Latest News from Everycare
Everycare (UK) are pleased to announce the opening of it’s newest office in Hastings, East Sussex. Everycare have been providing care in Eastbourne in Sussex since 1997 and the new office in Hastings expands the companies coverage of the county.
The new office will cover Hastings, St Leonards on Sea, Bexhill on Sea, Battle, Ninfield and the surrounding areas and is a franchised office owned and operated under licence by Mr Ali Rastgoye.
Ali said ‘With Everycare already having delivered care in Sussex for 20 years I’m delighted to be able to bring quality care to the people of Hastings’. He added ‘The fact that Everycare had such a great name for providing a quality service made them the obvious choice for me to work with as a business partner’
Ali lives in Hastings with his wife Lucy who is a solicitor in a local law firm.
Live in carers for the elderly, although still only catering for a tiny proportion of the older population are now becoming an increasingly mainstream choice.
But the choice between finding a care home for relatives unable to manage on their own and leaving them to struggle on in their home could become a thing of the past amid surging demand for live-in “companion carers”.
Once a virtually unheard-of option, a small network of companies providing full-time live-in carers, say they are experiencing a rise in demand in the wake of waves of scandals about standards in care homes and traditional homecare agencies as well as headlines over soaring fees. According to the Live-in Care Hub, a network of 14 small and medium sized companies offering live-in care set up two years ago to promote the sector at present only around 10,000 families currently make use of it although all have reported growing interest. By comparison, around 290,000 older people in England and Wales live in care homes, according to the last census.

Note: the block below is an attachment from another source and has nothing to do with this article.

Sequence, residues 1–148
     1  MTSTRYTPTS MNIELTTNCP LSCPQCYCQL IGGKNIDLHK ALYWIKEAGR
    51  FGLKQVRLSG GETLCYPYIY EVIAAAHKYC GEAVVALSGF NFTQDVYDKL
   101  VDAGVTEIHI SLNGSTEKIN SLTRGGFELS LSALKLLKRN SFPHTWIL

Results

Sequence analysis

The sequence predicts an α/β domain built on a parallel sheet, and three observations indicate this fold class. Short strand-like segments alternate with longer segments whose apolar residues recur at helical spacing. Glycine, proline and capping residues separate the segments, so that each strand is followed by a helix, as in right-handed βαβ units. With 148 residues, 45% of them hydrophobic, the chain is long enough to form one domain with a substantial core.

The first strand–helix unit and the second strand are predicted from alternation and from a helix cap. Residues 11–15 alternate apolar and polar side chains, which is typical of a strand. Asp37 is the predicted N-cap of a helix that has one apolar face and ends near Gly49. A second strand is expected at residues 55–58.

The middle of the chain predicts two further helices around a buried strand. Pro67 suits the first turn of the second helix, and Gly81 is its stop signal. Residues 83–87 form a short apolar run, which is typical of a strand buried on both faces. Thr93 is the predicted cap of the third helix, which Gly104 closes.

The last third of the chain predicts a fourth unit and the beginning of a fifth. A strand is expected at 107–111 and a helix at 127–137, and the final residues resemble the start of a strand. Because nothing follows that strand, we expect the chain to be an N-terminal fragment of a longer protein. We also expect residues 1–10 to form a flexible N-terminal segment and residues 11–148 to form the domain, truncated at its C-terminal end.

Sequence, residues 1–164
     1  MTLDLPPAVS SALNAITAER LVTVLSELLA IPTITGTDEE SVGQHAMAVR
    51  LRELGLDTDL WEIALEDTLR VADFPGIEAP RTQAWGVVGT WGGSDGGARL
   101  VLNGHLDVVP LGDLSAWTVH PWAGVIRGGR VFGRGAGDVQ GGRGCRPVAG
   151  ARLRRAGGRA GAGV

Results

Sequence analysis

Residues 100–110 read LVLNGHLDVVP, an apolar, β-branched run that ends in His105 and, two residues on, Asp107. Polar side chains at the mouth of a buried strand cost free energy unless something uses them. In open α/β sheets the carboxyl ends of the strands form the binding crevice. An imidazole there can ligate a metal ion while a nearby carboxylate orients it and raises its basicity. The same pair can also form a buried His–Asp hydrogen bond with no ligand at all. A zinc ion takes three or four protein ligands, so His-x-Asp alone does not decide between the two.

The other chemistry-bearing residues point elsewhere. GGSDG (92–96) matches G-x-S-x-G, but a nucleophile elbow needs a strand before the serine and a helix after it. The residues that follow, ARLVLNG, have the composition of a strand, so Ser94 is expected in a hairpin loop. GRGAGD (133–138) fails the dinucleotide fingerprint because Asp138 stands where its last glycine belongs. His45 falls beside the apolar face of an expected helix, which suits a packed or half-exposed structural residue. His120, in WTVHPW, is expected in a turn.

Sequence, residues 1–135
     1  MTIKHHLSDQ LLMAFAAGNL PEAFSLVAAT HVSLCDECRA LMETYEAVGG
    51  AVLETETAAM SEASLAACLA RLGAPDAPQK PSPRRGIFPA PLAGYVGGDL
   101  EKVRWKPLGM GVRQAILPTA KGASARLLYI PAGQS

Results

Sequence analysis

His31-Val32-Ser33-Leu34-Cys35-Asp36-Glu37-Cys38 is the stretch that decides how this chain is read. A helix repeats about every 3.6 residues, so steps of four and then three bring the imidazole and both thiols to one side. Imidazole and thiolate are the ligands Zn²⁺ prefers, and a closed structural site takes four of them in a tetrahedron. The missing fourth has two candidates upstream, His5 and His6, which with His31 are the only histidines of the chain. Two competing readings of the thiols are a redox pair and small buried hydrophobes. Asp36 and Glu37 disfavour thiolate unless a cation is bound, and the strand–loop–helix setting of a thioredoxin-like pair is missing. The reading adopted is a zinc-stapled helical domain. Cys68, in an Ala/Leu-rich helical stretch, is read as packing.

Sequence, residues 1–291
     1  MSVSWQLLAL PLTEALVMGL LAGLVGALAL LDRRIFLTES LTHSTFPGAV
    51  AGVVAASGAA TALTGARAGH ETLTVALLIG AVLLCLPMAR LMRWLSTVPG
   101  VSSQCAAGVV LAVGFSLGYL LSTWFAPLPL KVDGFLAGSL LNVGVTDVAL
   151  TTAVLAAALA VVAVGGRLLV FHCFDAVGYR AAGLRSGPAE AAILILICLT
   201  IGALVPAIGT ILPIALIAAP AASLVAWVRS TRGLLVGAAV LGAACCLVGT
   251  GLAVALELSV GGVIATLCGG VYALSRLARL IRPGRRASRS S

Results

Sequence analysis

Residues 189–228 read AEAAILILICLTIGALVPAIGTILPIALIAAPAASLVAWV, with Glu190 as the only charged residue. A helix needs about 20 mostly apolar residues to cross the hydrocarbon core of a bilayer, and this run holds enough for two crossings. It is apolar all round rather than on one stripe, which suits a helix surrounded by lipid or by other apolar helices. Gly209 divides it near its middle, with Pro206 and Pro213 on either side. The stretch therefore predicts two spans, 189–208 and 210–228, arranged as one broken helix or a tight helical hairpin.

To read more about why live in carers are becoming more sought after – click here.
Cutting hospital beds and using the money for care at home could mean better treatment for patients, according to NHS England’s chief nursing officer.
Prof Jane Cummings states that freeing up the money put into “old and expensive buildings” is one way the health service can improve.
Staying in hospital too long can often make patients more ill, she claims.
The Patients’ Association said social care and the NHS needed to integrate.
Prof Cummings said “outdated models of care” needed to change.
The article is in response to a review set up by the NHS which split England into 44 areas, ordering local managers and councils to come up with sustainability and transformation plans to improve efficiency.
Describing an NHS organisation in Devon, Prof Cummings said: “[It] wants to invest in home-based care, but it struggles because resources are currently tied up in hospital beds.” To read more visit the BBC website
As the government struggles with the social care budget the true scale of the problem is highlighted by the Local Government Association.
As part of their review of possible alternative ways to pay for the care of our ageing population a recent review indicated that ‘The numbers of elderly people going without care, paying for it themselves or relying on family and friends currently outstrip those getting council help by four to one.’
For further details of the governments funding plans click on the link